Caring for Kids in Crisis
The mental health crisis among children and teens is growing worse. Young people have experienced social isolation, disruptions to their routines, learning difficulties and loss of loved ones.
This is a national crisis and one that will be long lasting.
Sunday’s cover story in The Washington Post Magazine focused on the children’s mental health crisis. The piece featured several of our leaders in pediatric mental health who shared their insight about the crisis and its impact on local kids.
Last year, Children’s National Hospital experienced a 63% increase in inpatient consultations for mental health emergencies compared to 2019.
The pandemic has turned the mental health crisis into an emergency. It exposed inequities and gaps in care. We’ve seen soaring cases of depression, anxiety, suicidal thoughts, self-harming behavior, eating disorders, domestic violence and gun violence.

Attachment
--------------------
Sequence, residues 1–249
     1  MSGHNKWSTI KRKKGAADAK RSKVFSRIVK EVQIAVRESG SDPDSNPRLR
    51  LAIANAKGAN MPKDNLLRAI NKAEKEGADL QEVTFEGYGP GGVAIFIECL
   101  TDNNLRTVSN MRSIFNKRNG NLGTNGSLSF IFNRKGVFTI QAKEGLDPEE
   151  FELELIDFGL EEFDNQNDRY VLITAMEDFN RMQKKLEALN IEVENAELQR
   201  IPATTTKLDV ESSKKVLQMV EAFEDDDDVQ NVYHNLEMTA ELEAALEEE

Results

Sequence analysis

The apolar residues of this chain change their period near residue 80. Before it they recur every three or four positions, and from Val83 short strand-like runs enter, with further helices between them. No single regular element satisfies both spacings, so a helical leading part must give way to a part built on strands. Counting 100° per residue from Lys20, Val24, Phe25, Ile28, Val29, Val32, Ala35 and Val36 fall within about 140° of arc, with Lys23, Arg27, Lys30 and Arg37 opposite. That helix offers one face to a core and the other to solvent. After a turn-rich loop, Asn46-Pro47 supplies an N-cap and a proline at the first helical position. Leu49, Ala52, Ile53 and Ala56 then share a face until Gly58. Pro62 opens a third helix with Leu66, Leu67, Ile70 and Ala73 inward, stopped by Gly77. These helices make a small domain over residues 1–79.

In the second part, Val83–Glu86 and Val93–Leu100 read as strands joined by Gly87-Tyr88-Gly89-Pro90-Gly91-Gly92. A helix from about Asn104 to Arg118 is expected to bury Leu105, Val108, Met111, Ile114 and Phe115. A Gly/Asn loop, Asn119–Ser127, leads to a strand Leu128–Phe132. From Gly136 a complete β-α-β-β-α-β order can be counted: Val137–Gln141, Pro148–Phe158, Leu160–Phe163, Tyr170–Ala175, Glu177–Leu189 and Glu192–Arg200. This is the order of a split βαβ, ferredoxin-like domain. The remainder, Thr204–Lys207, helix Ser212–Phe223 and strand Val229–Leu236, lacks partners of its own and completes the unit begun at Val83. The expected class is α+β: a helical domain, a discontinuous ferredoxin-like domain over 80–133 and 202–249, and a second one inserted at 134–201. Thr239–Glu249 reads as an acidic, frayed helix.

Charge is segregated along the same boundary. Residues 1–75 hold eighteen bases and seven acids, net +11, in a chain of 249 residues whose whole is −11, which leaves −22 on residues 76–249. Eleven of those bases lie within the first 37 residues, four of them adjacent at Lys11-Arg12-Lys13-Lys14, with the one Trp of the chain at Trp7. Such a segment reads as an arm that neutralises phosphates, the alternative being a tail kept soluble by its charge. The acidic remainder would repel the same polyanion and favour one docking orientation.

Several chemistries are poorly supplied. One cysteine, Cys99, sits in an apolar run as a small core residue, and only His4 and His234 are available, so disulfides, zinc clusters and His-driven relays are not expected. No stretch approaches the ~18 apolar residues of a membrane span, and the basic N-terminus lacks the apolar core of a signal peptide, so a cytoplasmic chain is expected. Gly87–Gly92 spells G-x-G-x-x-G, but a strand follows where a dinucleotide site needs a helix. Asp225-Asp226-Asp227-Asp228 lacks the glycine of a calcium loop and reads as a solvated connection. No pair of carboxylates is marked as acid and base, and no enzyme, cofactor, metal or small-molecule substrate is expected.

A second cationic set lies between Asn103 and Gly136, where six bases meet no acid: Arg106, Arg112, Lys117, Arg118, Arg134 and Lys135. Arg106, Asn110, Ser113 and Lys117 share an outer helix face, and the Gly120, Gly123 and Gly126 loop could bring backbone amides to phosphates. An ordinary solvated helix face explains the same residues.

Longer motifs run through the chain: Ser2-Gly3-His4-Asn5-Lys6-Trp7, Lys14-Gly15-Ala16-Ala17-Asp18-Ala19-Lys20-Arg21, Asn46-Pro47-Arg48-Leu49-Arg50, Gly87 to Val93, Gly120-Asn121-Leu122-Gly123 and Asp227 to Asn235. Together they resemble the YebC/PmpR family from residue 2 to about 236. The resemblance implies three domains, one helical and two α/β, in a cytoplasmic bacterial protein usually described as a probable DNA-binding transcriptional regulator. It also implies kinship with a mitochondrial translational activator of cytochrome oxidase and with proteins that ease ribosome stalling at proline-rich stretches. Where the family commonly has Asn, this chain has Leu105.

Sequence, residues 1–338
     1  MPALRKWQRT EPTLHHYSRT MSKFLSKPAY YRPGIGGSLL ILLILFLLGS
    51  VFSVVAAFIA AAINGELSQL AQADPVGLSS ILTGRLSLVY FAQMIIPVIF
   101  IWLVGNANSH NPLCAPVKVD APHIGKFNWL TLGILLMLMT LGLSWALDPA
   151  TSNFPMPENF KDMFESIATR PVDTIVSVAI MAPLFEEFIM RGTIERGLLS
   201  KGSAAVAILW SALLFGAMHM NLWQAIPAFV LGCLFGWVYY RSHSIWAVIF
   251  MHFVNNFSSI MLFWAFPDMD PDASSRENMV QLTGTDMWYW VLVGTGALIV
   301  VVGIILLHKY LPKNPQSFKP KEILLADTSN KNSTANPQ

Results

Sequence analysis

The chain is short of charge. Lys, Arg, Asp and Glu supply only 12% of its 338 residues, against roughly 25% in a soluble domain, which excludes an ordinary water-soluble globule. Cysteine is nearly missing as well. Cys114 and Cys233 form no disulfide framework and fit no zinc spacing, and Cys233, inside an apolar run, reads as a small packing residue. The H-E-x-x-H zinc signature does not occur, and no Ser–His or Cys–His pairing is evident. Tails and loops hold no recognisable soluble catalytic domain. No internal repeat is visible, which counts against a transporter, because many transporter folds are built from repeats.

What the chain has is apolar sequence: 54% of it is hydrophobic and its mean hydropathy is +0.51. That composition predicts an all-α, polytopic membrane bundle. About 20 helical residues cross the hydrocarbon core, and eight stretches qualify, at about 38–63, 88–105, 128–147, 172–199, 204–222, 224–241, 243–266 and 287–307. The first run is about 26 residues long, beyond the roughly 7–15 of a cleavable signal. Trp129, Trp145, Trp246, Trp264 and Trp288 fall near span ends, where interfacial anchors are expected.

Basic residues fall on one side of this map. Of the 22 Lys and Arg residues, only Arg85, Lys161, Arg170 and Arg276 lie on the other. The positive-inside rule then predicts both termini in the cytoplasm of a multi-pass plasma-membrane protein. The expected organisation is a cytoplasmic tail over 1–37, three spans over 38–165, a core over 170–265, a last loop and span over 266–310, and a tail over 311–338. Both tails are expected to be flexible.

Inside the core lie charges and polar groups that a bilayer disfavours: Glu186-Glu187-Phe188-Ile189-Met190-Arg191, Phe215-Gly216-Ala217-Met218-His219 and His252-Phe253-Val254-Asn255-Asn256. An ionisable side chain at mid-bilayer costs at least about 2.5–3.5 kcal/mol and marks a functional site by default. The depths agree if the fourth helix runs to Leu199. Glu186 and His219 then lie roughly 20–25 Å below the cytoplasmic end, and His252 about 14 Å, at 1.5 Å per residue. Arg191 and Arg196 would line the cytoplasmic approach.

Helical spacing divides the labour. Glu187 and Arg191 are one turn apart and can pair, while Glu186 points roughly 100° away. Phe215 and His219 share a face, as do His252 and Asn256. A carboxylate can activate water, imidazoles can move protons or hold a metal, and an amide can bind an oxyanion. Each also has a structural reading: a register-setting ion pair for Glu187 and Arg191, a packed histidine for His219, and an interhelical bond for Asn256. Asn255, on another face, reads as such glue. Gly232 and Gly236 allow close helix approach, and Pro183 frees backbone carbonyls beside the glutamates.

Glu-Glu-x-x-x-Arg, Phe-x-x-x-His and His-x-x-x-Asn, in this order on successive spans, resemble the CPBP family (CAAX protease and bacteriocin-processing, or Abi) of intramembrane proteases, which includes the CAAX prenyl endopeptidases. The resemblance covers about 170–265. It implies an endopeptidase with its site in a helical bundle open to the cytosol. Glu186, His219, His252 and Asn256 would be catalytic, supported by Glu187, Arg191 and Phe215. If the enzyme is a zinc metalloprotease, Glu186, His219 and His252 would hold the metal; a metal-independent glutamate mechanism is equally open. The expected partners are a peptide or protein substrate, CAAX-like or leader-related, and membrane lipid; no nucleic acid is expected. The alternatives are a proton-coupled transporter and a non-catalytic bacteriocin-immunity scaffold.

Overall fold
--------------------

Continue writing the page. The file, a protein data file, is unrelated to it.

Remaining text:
Mental health care for children is underfunded and overstretched. The Centers for Disease Control and Prevention estimates that 80% of kids who need specialized mental health services don’t get them.
Children’s National aims to change this trajectory.
Through our follow the leader campaign, we are using our subject-matter experts and vast community network to increase access to care and build a powerful force that intervenes before children are in crisis.
Philanthropy is a critical tool in helping us to meet this growing challenge and ensure young people realize the healthy futures they deserve.
Visit Spearheading Integrated Mental Health Care to learn more about our follow the leader campaign’s vision to transform mental health care across our community.
To support mental health care in our community, please donate here and specify our mental health program, or email Cheryl Balchunas at [email protected].
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